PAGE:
Before investing in annuities, use this checklist. There are many things to consider when investing your money for retirement.

A. You must invest for the long-term (at least 10 years). Decide whether you can hold this annuity until age 59 1/2.

B. Initially, you should contribute the maximum amount of money allowed to a 401(k) or an IRA.  These may be more efficient shelters than annuities.

C. Buy aggressive funds with strong records of growth to balance the costs of annuities.

D. Watch out for high expenses. The higher the fees, the longer it will take to realize net gains.

Pros: Annuities do offer safety. If you fear volatility, you may want to invest in annuities. The idea of receiving high interest, tax-deferred, monthly checks for life may appeal to you. When you retire an annuity check will come in very handy.

Cons: Annuities do not often match the performance of good stock mutual funds. Annuities, which pay you income for a specified time and offer a fixed or variable return, may not be suitable for you. You may, for instance, need to withdraw your money early for your kids’ college education. There are severe penalties for early withdrawals. Annuities are not your best investment, unless you can leave them untouched.


Real estate has historically increased in value faster than any other secure type of investment. As the standard of living increases, your property value increases. It’s pretty hard to lose money in a real estate investment.

Pros: Real estate investing has produced more profits than almost any other investment. Real estate offers both income and appreciation.

If you own rental property you can deduct mortgage interest, taxes and expenses. Professional advice will help you greatly. If you have any net losses, you can carry them to next year. The recent Housing and Economic Recovery Act of 2008 provides a $7,500 tax credit for first time buyers, and emergency assistance for redevelopment properties.

A wise real estate investor should be patient, staying focused on long-term gains and consistent annual income. Pay attention to your financing. Shop around for the best mortgage.

Try to invest near your own town. This is beneficial because you’ll have less travel, and probably know the area. Also you will be able to keep an eye on local real estate prices. In any case, make sure the area is stable, and not a high crime area.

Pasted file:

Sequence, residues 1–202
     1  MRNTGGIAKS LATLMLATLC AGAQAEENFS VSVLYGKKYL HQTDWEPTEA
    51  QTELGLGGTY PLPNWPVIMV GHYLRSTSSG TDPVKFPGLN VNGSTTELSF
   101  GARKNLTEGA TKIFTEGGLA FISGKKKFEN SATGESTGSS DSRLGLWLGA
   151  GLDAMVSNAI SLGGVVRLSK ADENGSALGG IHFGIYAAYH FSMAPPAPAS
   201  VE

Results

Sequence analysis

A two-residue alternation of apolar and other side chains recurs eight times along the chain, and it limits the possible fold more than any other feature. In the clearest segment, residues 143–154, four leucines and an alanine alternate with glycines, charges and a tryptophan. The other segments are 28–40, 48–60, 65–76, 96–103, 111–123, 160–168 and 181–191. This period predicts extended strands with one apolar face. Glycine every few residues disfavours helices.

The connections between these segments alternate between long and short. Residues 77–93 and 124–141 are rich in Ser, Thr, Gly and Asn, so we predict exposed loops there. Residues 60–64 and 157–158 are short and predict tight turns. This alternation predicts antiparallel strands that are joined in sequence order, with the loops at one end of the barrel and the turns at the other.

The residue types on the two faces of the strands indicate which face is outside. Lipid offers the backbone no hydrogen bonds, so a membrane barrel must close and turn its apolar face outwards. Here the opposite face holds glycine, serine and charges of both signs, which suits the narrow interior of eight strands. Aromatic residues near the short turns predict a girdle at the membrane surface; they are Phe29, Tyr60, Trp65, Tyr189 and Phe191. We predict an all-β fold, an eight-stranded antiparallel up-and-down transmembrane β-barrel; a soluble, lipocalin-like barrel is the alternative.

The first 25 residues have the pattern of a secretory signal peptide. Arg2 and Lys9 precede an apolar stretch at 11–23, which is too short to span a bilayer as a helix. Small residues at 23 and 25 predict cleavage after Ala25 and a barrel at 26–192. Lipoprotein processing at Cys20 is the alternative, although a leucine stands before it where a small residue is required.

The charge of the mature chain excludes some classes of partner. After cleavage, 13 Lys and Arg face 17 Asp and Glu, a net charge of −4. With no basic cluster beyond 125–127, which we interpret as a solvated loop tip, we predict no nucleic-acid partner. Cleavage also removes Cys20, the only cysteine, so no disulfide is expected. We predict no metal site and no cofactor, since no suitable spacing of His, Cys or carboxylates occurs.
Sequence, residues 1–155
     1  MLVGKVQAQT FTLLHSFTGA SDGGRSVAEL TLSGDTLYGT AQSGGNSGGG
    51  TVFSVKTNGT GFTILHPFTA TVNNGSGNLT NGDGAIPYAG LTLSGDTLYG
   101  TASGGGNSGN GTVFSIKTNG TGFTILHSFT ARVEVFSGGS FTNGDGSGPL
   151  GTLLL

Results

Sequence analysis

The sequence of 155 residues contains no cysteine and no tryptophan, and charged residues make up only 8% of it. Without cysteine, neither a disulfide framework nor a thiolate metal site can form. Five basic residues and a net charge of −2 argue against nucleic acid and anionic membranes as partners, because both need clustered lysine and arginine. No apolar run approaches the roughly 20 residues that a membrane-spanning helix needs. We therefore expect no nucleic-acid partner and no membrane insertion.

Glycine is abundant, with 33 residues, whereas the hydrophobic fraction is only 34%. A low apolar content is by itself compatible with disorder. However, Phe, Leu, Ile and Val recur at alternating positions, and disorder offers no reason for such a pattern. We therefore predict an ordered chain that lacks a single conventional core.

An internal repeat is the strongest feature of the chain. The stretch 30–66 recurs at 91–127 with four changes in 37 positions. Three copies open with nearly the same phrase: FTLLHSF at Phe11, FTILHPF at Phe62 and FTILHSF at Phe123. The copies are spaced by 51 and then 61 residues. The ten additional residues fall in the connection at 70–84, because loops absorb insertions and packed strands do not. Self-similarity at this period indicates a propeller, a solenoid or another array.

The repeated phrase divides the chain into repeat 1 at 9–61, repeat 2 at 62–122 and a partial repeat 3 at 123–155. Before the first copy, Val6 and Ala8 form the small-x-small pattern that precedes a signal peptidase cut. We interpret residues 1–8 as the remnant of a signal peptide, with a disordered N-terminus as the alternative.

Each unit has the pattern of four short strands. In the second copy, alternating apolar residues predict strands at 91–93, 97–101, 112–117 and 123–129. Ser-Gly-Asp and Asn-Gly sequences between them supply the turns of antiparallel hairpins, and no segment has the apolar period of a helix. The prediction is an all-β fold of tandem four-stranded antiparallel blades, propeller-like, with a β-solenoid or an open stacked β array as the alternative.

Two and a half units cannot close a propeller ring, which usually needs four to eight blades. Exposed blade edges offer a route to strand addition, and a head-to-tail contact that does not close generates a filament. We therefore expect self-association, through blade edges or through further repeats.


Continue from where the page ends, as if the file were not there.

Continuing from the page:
Cons: Buying old buildings and fixing them up can be very profitable, but look for hidden problems that are not so easy to fix, like termites or poor foundations. Get an expert’s opinion.  

Interview prospective tenants carefully. Check their references. Inspect the premises often. A destructive renter can ruin your investment. You may even prefer to hire professional managers, although it may cost 20% of the rent for a single family dwelling.


If being a landlord doesn’t appeal to you, but real estate does, consider real estate investment trusts, or REIT’s. REIT’s are similar to closed-end mutual funds. They are a portfolio of real estate or mortgages rather than stocks or bonds. Their shares are traded on exchanges just like common stocks. Ideally, you should diversify into at least a half-dozen REIT’s.

Pros: REIT’s normally generate dividends of 6% to 9%. Approximately half of cash distributions can be sheltered. When properties are sold, you participate in the profits.
You can learn more from the National Association of Real Estate Investment Trusts in Washington D.C. They make available a book titled “REIT Basics.”

Cons: Because their prospectuses may not reveal all you need to know, you may prefer finding skilled managers which can be expensive.

Estate planners can assess your financial situation, and help you obtain appropriate insurance, so your investments are protected if anything happens to you. This way your spouse and children won’t have to see large bulks of your estate go to various government taxes.

These investment alternatives have varying degrees of risk and return on investment. After deciding on your risk tolerance and examining the rate of return on each type of investment, you can choose the vehicle that will work best for your investment goals.